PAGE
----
Should We Take a Group Pledge to Delay Smartphones?

The Wall Street Journal recently mentioned Concord Promise in an article about parents joining together to delay smartphones and the impacts of those types of pacts on communities and children. Concord Promise partner Dr. Richard Freed argued in favor of such pacts, citing research and the effects of screens on not just the child who has the phone but those who do not.

Alexandra Samuel presented a counter-opinion claiming this approach is a one-size-fits-all solution that does more harm than good. While Concord Promise encourages parents to delay smartphones, social media, unrestricted internet access and online gaming as long as possible, we concede that Ms. Samuel makes some valid points.

As co-founder of Concord Promise, we put much thought into creating a mission which has always supported ALL parents through educational opportunities and partnerships with professionals in the field. Regardless of a family’s decision to delay, we believe in inclusivity and that education is most important in preparing kids for a media-saturated world. We also encourage parents to talk tech with their kids as early as possible, regardless of how much time a family spends engaging with screens and technology. And we encourage parents to talk with each other. Smartphones are supposed to connect us but people feel more alone today than ever. We are bringing people together.

As more communities have expressed interest in launching similar movements, we have expanded and extended Concord Promise through a new organization called Turning Life On. Turning Life On is an online platform for community-based groups of parents and educators who support implementing healthy technology practices in their families and communities. Again, the mission of Turning Life On is to unite ALL community members because we realize healthy tech use goes beyond smartphones in middle school.

That is not to say that the importance of a public promise to delay smartphones is diminished. Let’s face it, the kids WITH phones are not the ones being ostracized or feeling left out. This is often why parents eventually end up getting smartphones for their children.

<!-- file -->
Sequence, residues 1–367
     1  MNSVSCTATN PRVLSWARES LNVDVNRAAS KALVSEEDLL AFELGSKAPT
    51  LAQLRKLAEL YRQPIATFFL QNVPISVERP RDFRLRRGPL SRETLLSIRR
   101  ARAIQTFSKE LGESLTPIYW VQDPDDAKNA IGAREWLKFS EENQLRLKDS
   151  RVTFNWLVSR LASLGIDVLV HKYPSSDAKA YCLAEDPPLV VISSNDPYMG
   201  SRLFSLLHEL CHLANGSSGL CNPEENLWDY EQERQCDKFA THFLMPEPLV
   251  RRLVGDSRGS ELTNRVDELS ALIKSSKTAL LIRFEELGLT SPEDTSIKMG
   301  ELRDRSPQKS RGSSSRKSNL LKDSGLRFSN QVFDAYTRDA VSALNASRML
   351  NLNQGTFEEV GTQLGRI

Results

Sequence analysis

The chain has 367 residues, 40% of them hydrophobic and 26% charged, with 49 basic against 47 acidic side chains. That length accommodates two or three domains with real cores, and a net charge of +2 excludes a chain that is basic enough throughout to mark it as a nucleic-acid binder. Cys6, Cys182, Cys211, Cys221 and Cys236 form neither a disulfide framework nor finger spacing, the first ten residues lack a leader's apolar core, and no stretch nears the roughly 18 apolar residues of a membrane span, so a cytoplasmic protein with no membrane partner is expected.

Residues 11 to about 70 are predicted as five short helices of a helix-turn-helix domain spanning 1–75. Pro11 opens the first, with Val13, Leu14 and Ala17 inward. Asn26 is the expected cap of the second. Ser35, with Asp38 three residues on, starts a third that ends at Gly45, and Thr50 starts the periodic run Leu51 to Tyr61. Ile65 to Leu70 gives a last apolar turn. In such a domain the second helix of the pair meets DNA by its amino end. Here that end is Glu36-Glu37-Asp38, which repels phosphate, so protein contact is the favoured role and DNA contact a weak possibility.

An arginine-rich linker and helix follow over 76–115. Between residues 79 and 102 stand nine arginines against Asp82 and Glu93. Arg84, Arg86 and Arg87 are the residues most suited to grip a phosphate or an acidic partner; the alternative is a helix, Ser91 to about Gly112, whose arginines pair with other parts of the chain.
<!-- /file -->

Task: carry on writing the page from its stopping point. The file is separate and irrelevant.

In terms of safety, Concord Promise, Turning Life On and Wait Until 8th all fully support smartphone alternatives. It is not the calling capability that harms children. It is the unrestricted, at-your-fingertips access to the internet, social media and gaming that make smartphones risky for kids.

As parents and people who care about children, we should encourage children to engage in healthy, offline activities. Throughout childhood and into adolescents, children are developing habits and skills that will serve them in the future. We wouldn’t allow our children to rush home from school to eat ice cream, Dorritos and Twinkies. We teach them and encourage them to choose healthy snacks. We set them up for success by filling our homes with fresh fruits and vegetables. The same should be true for their “media diets.” There are plenty of kids who do come home from school and read a book, create art, play outside and engage in other healthy activities. This should always be our goal regardless of whether our children have smartphones or not.

Concord Promise and Turning Life On fully understand that every family and community is different, with different needs, and that some situations demand the use of a smartphone. We support those situations. But this does not mean that ALL students should have access to a device that has known negative health effects. Instead, we should teach kids empathy, and help them to understand that children are different and those differences make our communities interesting and wonderful.

Unfortunately, granting children access to smartphones only hampers their ability to develop empathy. As PJ Manney explains in this Live Science Op-Ed, in many instances, technology is destroying empathy. A UCLA study showed that preteens who took a five-day break from smartphones were better able to recognize nonverbal cues, which is directly related to empathy. The military uses violent video games to desensitize soldiers. Let’s not desensitize our youth, especially in the world we currently find ourselves.

Is abstinence the answer? Of course not. Technology is everywhere and kids are being exposed whether their parents sign Concord Promise, Wait Until 8th or nothing at all. But technology is also a powerful tool that should be shared when appropriate. We teach kids about driving when it’s appropriate and hand them the keys when they’re ready to handle the responsibility of driving. We would never expect or allow our 10 year-olds to engage in sexual activity. Likewise we should be cautious about giving them access to a smartphone, which puts the world’s biggest collection of porn right in their pocket.   

These conversations are important. Technology is everywhere and it’s impacting our lives in profound ways. Let’s give our kids opportunities to be kids, to develop the skills necessary to eventually manage technology. This way technology won’t manage them.

Adrienne PrincipeComment